One of the scariest things about applying to Medical School is taking the MCAT, the Medical College Admissions Test. It’s intimidating especially if it’s your first time. Many MCAT test takers
1. Know when you’re ready: I can’t emphasize the importance of being ready to take this test. This test will determine your placement amongst other applicants. The goal is test when you’re at your best. If you go into the test unprepared, it will definitely show in your scores. Take your time because this isn’t just your average test.
2. Take multiple practice tests and have a study method: Sure, these probably aren’t the exact same questions on the actual MCAT but they’re similar enough to give you an idea. Take one test and see what your score is. Focus on the areas you didn’t score so high in and then take it again. Repeat this until you’re comfortable with your test taking. Study methods are easy to come around. I created my own flashcards and had them laminated. I threw them in my purse so any extra down time I had, I would study. I’m sure your schedules are busy with work or other school priorities so put a study book in your most visited places. Believe it or not, I had a study book in my bathroom and inside my car. I had access to studying my MCAT almost anywhere I went.
3. Be prepared: Sounds simple enough but even post graduate students forget the little things. Double check that you have everything you need before you leave and double check them again when you’re in your car. One time a test taker completely forgot to bring their ID and was completely horrified. Luckily, he made it in time to be admitted but you never want a close call like that.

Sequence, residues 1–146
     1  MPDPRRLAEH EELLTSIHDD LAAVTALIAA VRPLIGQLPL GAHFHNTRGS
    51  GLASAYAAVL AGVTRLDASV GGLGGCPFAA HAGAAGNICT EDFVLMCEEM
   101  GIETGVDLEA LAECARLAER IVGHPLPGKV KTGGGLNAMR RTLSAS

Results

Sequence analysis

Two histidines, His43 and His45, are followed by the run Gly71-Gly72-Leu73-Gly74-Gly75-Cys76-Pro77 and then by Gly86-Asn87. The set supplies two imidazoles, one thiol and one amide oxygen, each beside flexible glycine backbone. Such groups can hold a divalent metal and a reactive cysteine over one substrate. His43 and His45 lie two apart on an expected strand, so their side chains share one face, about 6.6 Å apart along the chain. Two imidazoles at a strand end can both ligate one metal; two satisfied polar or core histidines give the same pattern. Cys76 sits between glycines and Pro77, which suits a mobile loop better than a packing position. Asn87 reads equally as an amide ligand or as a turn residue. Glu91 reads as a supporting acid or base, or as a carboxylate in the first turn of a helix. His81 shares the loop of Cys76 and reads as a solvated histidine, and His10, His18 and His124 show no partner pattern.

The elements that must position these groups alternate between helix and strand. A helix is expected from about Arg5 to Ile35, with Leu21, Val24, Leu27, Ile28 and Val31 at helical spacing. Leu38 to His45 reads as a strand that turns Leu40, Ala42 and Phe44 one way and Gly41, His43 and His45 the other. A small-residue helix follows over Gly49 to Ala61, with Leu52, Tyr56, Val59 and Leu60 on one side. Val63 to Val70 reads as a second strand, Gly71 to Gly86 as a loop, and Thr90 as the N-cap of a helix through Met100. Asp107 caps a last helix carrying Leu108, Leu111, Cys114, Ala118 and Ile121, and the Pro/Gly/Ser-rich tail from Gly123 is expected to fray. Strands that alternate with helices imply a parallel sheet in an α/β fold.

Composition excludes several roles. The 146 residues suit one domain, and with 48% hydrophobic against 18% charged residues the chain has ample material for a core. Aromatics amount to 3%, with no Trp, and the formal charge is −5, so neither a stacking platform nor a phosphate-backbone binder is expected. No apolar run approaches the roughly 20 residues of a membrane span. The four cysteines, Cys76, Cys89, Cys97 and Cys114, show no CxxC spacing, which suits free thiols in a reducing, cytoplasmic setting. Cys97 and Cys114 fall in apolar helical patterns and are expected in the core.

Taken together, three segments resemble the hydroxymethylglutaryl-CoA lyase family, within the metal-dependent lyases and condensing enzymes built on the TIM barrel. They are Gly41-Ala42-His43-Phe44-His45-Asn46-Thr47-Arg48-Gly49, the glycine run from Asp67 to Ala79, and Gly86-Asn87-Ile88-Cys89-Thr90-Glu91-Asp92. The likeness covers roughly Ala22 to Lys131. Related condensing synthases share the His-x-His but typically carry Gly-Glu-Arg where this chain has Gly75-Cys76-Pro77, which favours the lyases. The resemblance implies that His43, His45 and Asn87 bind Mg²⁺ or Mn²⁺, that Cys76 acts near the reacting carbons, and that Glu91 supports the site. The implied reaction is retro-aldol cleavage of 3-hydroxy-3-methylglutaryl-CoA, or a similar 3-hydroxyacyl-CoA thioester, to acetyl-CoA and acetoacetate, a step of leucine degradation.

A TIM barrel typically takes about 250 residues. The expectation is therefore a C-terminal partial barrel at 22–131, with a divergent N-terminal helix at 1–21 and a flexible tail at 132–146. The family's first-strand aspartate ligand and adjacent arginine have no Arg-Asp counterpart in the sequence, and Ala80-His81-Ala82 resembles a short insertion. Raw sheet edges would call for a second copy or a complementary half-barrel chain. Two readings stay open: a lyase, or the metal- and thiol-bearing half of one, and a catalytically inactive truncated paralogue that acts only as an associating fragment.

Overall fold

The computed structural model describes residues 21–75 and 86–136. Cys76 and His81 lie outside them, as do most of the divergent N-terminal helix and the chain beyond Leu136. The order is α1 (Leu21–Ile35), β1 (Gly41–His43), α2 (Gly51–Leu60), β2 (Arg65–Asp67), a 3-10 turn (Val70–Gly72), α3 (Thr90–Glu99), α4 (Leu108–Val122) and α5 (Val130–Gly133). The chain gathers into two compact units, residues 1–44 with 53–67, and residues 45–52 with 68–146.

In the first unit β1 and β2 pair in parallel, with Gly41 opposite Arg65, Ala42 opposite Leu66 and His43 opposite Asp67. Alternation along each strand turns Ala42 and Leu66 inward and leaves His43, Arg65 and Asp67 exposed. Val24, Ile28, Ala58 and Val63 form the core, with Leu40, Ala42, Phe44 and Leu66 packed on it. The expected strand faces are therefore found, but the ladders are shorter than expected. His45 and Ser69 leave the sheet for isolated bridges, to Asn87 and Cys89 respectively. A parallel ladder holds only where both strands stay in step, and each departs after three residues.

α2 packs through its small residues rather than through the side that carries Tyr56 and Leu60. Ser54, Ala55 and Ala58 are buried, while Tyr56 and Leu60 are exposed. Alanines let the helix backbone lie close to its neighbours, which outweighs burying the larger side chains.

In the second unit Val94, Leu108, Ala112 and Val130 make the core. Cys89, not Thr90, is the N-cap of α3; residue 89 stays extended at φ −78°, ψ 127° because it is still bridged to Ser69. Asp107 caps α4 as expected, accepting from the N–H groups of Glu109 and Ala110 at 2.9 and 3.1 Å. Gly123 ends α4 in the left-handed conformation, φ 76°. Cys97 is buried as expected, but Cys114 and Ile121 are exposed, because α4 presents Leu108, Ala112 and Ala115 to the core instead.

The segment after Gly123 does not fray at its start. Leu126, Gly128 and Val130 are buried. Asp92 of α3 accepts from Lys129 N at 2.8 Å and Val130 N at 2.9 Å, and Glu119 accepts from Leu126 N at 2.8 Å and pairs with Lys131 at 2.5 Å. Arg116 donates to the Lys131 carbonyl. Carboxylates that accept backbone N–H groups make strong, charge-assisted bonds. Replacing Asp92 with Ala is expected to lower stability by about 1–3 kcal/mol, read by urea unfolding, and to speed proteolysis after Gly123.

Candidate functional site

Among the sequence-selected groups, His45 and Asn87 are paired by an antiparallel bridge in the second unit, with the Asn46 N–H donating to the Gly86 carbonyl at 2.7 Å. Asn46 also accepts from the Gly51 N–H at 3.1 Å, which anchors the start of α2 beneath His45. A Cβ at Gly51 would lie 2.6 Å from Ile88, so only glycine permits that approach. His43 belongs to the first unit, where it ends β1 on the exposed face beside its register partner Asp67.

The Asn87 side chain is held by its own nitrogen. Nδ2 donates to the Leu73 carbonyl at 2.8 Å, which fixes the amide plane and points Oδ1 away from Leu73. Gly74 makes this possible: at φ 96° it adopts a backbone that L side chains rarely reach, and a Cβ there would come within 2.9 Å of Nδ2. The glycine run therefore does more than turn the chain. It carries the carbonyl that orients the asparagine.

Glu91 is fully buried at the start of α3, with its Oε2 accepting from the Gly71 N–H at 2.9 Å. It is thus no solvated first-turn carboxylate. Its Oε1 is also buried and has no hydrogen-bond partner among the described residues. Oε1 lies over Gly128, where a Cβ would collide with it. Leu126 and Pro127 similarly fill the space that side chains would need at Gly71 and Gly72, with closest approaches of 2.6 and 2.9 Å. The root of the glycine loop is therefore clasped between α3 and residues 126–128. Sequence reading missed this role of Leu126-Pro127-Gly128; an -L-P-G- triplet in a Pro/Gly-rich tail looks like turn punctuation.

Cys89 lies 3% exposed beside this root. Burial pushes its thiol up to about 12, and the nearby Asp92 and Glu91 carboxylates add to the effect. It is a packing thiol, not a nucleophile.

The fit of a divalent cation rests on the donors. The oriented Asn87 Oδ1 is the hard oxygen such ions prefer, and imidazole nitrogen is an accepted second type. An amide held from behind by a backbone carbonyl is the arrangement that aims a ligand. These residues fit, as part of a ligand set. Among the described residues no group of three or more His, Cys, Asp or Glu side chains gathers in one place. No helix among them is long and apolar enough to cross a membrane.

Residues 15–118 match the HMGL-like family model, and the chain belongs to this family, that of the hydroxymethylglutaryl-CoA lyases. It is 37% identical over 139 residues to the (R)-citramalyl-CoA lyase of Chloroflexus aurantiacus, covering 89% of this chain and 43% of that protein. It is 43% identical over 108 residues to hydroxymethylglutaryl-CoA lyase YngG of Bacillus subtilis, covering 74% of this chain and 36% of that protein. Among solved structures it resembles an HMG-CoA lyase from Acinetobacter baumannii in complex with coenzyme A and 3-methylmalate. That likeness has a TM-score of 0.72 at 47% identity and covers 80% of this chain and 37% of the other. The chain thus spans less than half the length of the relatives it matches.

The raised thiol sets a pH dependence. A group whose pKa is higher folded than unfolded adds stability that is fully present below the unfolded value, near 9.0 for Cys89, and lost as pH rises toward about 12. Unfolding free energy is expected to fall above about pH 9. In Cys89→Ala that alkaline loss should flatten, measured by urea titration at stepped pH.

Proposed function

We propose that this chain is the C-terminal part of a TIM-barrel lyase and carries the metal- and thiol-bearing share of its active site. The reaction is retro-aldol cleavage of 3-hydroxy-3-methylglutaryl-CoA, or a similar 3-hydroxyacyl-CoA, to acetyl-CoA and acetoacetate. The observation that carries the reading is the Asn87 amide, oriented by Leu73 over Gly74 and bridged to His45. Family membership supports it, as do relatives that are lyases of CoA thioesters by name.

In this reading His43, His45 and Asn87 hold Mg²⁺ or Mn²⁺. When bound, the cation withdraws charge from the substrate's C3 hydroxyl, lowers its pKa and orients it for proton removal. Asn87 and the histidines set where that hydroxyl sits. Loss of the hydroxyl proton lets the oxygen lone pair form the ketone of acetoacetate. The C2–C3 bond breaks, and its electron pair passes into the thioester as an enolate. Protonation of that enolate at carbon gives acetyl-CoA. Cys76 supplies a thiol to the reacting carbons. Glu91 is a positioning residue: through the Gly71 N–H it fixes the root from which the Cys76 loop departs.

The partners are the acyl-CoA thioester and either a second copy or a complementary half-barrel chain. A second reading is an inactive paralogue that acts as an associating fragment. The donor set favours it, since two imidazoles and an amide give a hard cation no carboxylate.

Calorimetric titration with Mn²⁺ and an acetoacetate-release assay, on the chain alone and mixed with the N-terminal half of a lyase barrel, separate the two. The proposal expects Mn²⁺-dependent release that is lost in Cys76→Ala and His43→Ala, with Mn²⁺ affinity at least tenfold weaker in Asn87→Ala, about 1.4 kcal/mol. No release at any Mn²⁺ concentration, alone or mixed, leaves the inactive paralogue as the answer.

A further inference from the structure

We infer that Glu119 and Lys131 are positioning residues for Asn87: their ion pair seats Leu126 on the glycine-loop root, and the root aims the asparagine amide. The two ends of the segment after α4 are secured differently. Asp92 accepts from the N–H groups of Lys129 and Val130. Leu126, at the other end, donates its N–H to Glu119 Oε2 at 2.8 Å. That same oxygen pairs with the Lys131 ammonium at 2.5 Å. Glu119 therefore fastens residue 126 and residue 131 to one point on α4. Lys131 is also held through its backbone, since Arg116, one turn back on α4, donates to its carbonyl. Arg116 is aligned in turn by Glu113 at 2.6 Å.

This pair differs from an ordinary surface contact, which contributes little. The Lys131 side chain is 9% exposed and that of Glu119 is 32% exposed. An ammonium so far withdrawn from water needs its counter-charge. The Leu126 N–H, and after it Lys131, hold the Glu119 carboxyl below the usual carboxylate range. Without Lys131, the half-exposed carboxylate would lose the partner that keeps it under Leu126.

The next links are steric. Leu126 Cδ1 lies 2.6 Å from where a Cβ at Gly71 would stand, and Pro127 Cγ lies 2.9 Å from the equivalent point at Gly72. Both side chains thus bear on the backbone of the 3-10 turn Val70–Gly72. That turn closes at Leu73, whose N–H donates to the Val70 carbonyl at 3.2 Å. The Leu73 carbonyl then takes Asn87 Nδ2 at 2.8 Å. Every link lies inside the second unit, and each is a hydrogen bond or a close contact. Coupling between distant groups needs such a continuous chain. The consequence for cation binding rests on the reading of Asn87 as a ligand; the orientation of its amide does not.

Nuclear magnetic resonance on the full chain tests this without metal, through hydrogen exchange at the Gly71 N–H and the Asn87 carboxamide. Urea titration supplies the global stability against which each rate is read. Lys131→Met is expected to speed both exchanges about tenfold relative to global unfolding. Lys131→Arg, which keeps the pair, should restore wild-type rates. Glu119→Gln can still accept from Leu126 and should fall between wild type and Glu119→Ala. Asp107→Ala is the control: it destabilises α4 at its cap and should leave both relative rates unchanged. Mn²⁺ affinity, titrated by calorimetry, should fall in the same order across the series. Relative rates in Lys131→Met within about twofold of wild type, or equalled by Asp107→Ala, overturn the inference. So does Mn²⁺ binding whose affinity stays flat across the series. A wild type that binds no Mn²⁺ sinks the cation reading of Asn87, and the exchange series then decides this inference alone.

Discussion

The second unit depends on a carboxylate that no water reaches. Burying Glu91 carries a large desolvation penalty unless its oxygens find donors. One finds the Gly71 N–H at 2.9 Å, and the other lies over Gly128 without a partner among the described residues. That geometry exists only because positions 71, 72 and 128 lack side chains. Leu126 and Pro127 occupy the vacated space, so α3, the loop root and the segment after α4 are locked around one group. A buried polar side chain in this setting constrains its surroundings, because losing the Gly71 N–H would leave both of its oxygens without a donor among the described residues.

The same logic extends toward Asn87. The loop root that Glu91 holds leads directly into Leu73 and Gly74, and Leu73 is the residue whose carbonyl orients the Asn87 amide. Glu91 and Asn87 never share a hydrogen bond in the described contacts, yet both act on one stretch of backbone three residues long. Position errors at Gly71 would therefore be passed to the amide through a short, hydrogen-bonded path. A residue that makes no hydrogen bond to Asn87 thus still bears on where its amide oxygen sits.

4. There is no such thing as cramming: Cramming in high school and college could be doable but definitely not for this test. You never want to cram because cramming will only allow you to second guess yourself and most importantly, your answers. You want to go into this test feeling confident. Cramming any information the night before will decrease your confidence and most likely throw you off. The biggest factor in the MCAT is taking your time. Don’t speed through the questions because you might miss something important. Read the question once slowly and read it again. Be aware of the time limit and pace yourselves!
5. Have a calm day before the test day and get a good nights rest: Studying before the day or even the day of your MCAT will only make you more nervous. You’ll probably feel more anxious and it will deprive you of getting a good nights rest. You should get a full amount of rest so you’re not tired going into the test. The best thing to do before the day of the test is to treat yourself out! Get your mind off of taking the test and grab an ice cream cone. Just relax and try to get rid of the pre-test taking jitters.
With these 5 tips in mind, you should be well on your way to having a successful MCAT test day. Good luck!